For a few years now, we’ve been hearing a lot more about vitamin D – how crucial it is and how most people don’t get enough of it. The latter is especially true for those in northern climates with more of a winter since sunlight is a major source of this nutrient, turning the 7-dehydrocholestrol in our skin into cholecalciferol, otherwise known as vitamin D3.
We Texans can count ourselves fortunate to have good sun year round, as D plays a big role in dental health. For starters, it promotes healthy bone and remineralization of the teeth. It’s also been thought to help prevent tooth decay. Yet,
While vitamin D’s role in supporting bone health has not been disputed, significant disagreement has historically existed over its role in preventing caries, Hujoel noted. The American Medical Association and the U.S. National Research Council concluded around 1950 that vitamin D was beneficial in managing dental caries. The American Dental Association said otherwise – based on the same evidence. In 1989, the National Research Council, despite new evidence supporting vitamin D’s caries-fighting benefits, called the issue “unresolved.”
Perhaps a new study out of the University of Washington will help resolve it, for it has confirmed the “positive association” of vitamin D with lower caries risk. (“Caries” is the clinical name for cavities.)
Analyzing two dozen studies published between the 1920s and 1980s, Dr. Philippe Hujoel found a nearly 50% reduction in tooth decay associated with D3. The source of the vitamin didn’t matter much: both UV exposure and nutritional supplementation had a positive effect. Though he noted significant weaknesses in most of the studies he looked at, the consistency of positive effects is telling.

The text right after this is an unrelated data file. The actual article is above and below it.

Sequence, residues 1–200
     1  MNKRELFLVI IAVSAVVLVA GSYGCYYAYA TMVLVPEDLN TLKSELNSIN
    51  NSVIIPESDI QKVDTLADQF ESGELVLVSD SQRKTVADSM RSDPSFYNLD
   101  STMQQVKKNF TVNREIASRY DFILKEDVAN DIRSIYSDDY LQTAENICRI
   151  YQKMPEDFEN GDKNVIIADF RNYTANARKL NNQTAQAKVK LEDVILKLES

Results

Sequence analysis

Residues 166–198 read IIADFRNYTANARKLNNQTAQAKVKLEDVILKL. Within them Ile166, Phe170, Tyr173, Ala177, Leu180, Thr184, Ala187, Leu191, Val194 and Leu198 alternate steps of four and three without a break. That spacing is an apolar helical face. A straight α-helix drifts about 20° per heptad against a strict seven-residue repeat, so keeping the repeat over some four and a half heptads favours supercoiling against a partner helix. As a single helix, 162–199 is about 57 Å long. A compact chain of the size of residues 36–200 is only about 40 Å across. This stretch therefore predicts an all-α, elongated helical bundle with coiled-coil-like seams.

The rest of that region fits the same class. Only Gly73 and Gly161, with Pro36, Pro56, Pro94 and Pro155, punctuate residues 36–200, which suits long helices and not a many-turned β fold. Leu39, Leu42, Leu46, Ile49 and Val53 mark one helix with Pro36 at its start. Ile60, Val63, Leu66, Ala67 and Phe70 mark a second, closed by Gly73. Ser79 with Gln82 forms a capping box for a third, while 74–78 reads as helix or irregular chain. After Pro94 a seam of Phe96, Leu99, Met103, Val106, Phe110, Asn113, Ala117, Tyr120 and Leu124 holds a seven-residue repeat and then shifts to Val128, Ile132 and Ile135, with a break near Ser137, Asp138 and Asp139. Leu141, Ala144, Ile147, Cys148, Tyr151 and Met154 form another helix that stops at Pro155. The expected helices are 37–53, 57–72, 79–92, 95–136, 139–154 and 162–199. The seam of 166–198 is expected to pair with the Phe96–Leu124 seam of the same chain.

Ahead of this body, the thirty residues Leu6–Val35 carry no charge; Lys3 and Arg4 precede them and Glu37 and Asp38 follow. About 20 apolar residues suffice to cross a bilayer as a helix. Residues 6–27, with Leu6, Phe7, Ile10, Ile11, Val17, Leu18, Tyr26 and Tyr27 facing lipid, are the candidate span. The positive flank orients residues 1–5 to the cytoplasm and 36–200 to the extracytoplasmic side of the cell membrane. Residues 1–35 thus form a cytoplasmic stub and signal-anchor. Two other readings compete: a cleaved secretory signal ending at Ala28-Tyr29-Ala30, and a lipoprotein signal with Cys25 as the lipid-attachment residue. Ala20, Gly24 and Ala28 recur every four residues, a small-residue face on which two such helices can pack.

“The analysis of CCT data identified vitamin D as a promising caries-preventive agent, leading to a low-certainty conclusion that vitamin D in childhood may reduce the incidence of caries,” Dr. Hujoel concluded.
The vitamin D question takes on greater importance in the light of current public health trends, he noted. Vitamin D levels in many populations are decreasing while dental caries levels in young children are increasing.
“Whether this is more than just a coincidence is open to debate,” Dr. Hujoel said. “In the meantime, pregnant women or young mothers can do little harm by realizing that vitamin D is essential to their offspring’s health. Vitamin D does lead to teeth and bones that are better mineralized.”
4 Ways to Boost Your D Intake
- Make the most of the sun you have – or make your own “sun”
When there’s sunshine, try to get out in it for a while, if only for a short walk. If sunlight is especially scarce (such as in the far north), try using a sun lamp or safe tanning bed. To find out how much sunlight you need at any time of year, use this online tool.
- Eat your vitamins
Vitamin D can be found naturally in fatty fish (e.g., catfish, salmon, sardines, tuna) and eggs. It’s also often added to milk and other dairy products.
- When all else fails, supplement
If you can’t get enough D through sunlight and diet, you may find it helpful to take a supplement. Make sure it’s the right kind of D – D3 (the kind our bodies make in response to sunlight) – and whole food sourced (not synthetic).
- Make the most of the D you ingest
Your body makes the best use of vitamin D when it’s accompanied by vitamin K and calcium. As with D, these are best consumed naturally, through whole foods rather than pills.
Image by Peter Gerdes, via Flickr